About 10:20 a.m., I said goodbye to my dining companion and walked to the back of the train.  On the way, I passed through the lounge car, and noticed that there were copies of the New York Times, as well as several other newspapers, on several tables.  What a nice touch, I thought – until I looked carefully and noticed that the New York Times was from Saturday, February 9th (the other newspapers were even older).  How these outdated newspapers got here, I’m not sure, but I found it rather bizarre that someone took the trouble to stock the lounge car with outdated newspapers!

    I then walked through the coaches and found that there were passengers in all four of the coaches, although only the first coach was nearly full.  I was glad to see that there were no baggage or freight cars at the rear of the train, which permitted me to look out of the back at the now-double-tracked CSX line.  I returned to my room prior to our arrival at the West Palm Beach station.

    We pulled into the West Palm Beach station at 10:33 a.m.  I stepped off the train here and walked down the platform to record the number of the baggage car.  I had explored this station on my Tri-Rail trip yesterday, and noticed that the original waiting room is used as a Greyhound bus terminal, with Amtrak relegated to the former express room at the south end of the station.  Today, I just took a few pictures.  When we departed West Palm Beach at 10:37 a.m., we were 20 minutes late.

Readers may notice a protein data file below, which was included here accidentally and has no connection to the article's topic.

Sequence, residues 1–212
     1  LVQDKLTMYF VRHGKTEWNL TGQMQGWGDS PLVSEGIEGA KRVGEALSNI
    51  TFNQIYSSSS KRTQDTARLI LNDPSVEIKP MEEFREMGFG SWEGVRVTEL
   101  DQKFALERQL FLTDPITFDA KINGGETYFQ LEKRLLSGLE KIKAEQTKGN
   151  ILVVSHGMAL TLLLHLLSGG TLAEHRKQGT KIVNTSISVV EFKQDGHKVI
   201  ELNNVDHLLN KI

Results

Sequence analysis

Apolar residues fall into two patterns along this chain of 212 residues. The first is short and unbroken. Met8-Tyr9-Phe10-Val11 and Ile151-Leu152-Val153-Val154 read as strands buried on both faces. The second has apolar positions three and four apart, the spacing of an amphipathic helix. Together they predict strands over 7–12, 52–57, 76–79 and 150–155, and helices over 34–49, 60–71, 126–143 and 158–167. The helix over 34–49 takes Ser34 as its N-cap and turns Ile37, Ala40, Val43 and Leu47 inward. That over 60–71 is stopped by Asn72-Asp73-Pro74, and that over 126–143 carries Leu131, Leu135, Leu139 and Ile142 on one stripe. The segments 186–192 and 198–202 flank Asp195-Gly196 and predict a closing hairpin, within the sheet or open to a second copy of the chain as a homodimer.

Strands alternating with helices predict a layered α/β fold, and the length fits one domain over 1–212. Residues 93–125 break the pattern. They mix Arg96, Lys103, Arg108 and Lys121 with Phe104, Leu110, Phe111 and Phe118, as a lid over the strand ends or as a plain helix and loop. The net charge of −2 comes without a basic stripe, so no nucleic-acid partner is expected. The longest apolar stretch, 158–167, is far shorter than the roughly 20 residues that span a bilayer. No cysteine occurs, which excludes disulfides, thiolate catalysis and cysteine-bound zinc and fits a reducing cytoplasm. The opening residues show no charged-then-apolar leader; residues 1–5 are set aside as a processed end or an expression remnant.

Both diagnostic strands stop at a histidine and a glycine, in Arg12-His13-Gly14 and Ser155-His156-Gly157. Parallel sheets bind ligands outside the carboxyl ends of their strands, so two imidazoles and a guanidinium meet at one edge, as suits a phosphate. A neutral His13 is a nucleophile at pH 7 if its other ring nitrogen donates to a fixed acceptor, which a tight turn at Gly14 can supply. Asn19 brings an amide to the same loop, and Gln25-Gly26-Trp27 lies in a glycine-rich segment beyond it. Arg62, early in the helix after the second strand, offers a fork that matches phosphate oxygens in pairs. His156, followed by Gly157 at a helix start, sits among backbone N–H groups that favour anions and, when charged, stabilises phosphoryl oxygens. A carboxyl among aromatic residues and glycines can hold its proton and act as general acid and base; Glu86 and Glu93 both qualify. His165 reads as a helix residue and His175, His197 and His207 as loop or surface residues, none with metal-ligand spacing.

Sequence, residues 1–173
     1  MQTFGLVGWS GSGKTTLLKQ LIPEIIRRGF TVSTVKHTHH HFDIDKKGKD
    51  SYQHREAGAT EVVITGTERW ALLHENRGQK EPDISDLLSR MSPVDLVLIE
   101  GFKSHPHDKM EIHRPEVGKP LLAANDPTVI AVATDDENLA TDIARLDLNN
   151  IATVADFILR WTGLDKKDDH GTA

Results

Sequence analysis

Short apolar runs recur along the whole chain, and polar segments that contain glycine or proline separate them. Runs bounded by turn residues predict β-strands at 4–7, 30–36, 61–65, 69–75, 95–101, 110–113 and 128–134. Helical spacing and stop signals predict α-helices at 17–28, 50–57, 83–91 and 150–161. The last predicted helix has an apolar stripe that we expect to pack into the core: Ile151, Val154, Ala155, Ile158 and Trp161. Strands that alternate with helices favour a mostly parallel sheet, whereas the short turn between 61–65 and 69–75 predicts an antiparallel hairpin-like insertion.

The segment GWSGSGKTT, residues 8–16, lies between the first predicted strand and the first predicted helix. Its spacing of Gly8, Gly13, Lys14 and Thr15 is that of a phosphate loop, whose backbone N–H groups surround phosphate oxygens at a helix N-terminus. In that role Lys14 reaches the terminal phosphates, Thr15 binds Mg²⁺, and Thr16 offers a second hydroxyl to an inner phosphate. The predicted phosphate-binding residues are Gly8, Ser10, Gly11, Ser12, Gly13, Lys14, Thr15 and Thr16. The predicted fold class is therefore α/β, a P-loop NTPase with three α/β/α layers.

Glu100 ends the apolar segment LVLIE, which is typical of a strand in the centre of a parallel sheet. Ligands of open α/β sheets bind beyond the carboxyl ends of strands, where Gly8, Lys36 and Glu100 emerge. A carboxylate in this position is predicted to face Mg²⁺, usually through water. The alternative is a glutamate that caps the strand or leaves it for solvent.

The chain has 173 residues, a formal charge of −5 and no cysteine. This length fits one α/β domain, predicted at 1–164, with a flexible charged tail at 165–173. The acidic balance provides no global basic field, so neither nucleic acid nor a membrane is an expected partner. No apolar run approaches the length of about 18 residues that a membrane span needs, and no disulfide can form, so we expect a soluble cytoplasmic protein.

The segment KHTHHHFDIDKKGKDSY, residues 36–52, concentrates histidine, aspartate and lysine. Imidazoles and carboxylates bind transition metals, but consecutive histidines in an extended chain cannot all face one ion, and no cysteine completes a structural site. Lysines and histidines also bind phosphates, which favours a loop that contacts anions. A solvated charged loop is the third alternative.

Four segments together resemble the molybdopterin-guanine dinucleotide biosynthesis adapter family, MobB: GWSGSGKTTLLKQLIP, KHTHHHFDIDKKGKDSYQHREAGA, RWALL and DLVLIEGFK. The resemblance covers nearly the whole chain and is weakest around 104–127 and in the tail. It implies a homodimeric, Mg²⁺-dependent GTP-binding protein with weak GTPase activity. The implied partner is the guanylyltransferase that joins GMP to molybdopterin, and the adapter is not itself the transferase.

Now that I had the numbers of all of the equipment on the train, I entered them in my database and checked my previous connection to these cars.  Engine 1, of course, has significance as the lowest numbered P-42 Amtrak engine, and that engine has twice been on Amtrak trains that I’ve ridden.  Interestingly, the first time, when it was on the Capitol Limited that I rode on June 29, 1997, it was coupled to engine 2!  Engine 514 is one of the 20 P-32 engines (originally known as “Pepsi Can” engines, for the color scheme in which they were originally painted) that Amtrak acquired from GE in 1991.  Until recently, they have primarily been used for switching and for road operations in the west.  I have ridden behind these engines only nine times, and never previously in the east.  I did ride behind engine 514 on the Southwest Chief on July 29, 1996.  Coach 28011 was on the Silver Meteor the first time I took Amtrak to Florida 17 years ago, on February 4, 1991 (it must have looked a little different then, as all four coaches on today’s train have been refurbished with blue seats and an outlet at each pair of seats).

    I spent most of the next few hours in my room, listening to the scanner and following our progress on the SPV Southeast Rail Atlas.  Until we reach Winter Haven, our route goes through flat, relatively uninteresting scenery, with few settlements.